This page, and the subsequent subpages will be used to house and organize our annotated bib for [[#|class]]. As we include more and more citations, we'll continue to expand this section. For now...just organize alphabetically. Please indicate after the reference whether you included this in APA or MLA format.

Organize based on content area...teaching/learning....ed psych.....reading/writing....

Social Studies Content Area
Hassig, R., & Cowley, R. (2000). What if?, the world's foremost military historians imagine what might have been : Essays. Berkley Pub Group.

Music Content Area: APA format.

Scorsese, M. (2003). "Martin Scorsese presents the Blues - a musical journey"
A seven-volume [[#|video]] set on the Blues, its impact, its origins, its musicians, its culture.

Muddy Waters "I'm your hoochie coochie man"
Youtube recording of Muddy Waters singing "I'm your hoochie coochie man"

Fitzgerald, Ella. "Blue Skies"
Youtube recording of Blues great Ella Fitzgerald singing "Blue Skies"

Townend, R. "The Basic Form of 12-bar Blues"
Simple online article explaining the structure of 12-bar Blues

Woodyard, S. (1995). "Music and Song (African American Life)"
Children’s book on the Blues, primarily its culture/history, with color photos. Reading level marked for “Grades 4-6”.

Welwood, Arthur. (Jan., 1980). Improvisation with Found Sounds. Music Educator’s Journal, Vol. 66, No.5, pp.72-77. Retrieved from
A guide to running found sound activities in a music classroom, this article contains many great ideas and helpful tips.

Cohn, L. (1999). Nothing But the Blues: The Music and the Musicians.
This book talks about the variety of musicians that have made their mark on the Blues. It [[#|offers]] insights into this musical tradition accompanied by photographs of Blues musicians. Advanced reading level (high school+)

Baker, H. (1984). Blues, Ideology, and Afro-American Literature. Chicago.

Bruce, D. (2008). Visualizing literacy: Building bridges with media. Reading & Writing Quarterly, 24(3), 264-282.
This article explores the results of a qualitative teacher-researcher [[#|study]] that investigated the skills and strategies employed by four low achieving writers while creating and interpreting music [[#|video]] compositions. The researchers examined to what extent students use complex or sophisticated composition strategies when composing a [[#|video]]. The results show that most students demonstrated a number of complex composition strategies through the reading and composing necessary to build the videos. (APA format)

Cuban, L., & Shipps, D. (Eds.). (2000). Reconstructing the common good in education: Coping with intractable American dilemmas. Stanford University Press.
This book is actually a compilation of essays by several [[#|educational]] scholars. The main idea of these essays is how [[#|educational]] reform has abandoned the "common good." In other words, it takes a look at public schools today no longer see the point of education as preparing today's generation to be contributors in a democratic society. (APA format)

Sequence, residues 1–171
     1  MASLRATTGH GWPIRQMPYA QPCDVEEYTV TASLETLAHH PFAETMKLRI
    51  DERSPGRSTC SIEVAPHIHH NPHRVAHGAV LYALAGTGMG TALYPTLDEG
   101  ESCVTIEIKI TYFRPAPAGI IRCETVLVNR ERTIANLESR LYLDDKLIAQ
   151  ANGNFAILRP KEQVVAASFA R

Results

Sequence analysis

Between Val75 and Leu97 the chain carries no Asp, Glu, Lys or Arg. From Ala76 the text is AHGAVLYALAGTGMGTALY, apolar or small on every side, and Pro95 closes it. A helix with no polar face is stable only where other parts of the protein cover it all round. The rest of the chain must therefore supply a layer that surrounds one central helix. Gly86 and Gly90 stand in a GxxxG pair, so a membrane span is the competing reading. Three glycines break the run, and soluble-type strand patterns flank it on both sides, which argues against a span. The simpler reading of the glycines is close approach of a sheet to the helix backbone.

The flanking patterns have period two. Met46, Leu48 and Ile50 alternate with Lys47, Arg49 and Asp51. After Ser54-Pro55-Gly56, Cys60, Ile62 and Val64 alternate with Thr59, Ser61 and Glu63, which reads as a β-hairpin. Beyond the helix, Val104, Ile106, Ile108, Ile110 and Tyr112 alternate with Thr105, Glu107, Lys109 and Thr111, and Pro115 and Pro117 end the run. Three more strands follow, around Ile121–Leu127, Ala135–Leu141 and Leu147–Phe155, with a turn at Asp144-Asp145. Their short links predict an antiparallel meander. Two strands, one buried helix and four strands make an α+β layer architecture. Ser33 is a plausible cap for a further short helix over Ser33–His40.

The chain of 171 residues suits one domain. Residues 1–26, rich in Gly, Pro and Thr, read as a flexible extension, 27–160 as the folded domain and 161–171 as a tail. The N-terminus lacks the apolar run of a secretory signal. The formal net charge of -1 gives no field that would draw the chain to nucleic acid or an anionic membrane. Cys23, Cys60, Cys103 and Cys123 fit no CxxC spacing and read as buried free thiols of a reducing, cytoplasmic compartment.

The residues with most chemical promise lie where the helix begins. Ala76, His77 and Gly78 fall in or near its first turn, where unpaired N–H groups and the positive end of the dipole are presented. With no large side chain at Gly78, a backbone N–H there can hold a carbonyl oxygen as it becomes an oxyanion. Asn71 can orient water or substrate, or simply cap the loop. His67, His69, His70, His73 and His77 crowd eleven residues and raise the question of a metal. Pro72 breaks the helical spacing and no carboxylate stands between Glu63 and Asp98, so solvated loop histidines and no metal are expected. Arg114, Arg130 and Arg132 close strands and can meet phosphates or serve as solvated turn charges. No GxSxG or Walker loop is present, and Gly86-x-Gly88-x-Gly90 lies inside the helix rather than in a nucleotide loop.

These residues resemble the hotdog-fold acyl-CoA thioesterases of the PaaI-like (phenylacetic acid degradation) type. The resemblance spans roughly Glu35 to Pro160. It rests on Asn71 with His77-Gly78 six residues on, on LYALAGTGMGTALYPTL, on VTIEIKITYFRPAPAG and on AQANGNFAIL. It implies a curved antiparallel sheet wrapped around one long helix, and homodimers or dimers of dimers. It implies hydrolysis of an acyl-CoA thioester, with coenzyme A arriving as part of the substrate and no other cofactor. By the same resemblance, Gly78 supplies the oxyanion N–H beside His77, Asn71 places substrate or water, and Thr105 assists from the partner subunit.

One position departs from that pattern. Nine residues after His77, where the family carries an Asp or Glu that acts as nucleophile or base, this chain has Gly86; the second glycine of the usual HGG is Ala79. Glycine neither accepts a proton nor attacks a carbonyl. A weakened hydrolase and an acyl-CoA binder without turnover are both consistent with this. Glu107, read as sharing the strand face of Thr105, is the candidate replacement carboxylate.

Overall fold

Huffaker, D. (2005). The educated blogger: Using weblogs to promote literacy in the classroom. AACE Journal, 13(2), 91-98.
The article explores the role of weblogs in promoting literacy engagement and acquisiton in a classroom setting. Weblogs resemble personal journals or diaries and provide opportunities where self-expression and creativity is encouraged. Construction of identity, and involvement in an online community allow learners to use storytelling and literacy skills as tools. The author shares several examples of storytelling and blogging in practice. (APA format)

Kember, D. (1996). The Intention to Both Memorize and Understand: Another Approach to Learning?. Higher Education, 31 (3), 341-354.
This article examines Chinese and Japanese students' retention of information based upon different studying methodologies. The author concludes Asian students owe their advances study skills to social and cultural influences indicative to the East. (APA format)

O’Brien, D., Beach, R., & Scharber, C. (2007). “Struggling” middle schoolers: Engagement and literate competence in a reading writing intervention class. Reading Psychology, 28(1), 51-73.
This article shares the results from a two-year study examining the effects of multimedia sources on struggling readers and writers. The study examined seventh and eighth grade students to look at two areas: “how do students’ perceptions of value and purpose of media-rich projects” affect their engagement; and how do the media-rich projects affect sense of community, agency, self-efficacy, etc. Results suggest participants found working with multimodal texts to be more engaging than normal classroom practice. However, because the students were in a remedial [[#|class]], because they felt that they were deficient, this had a significant impact on their success; and their view of success. (APA format)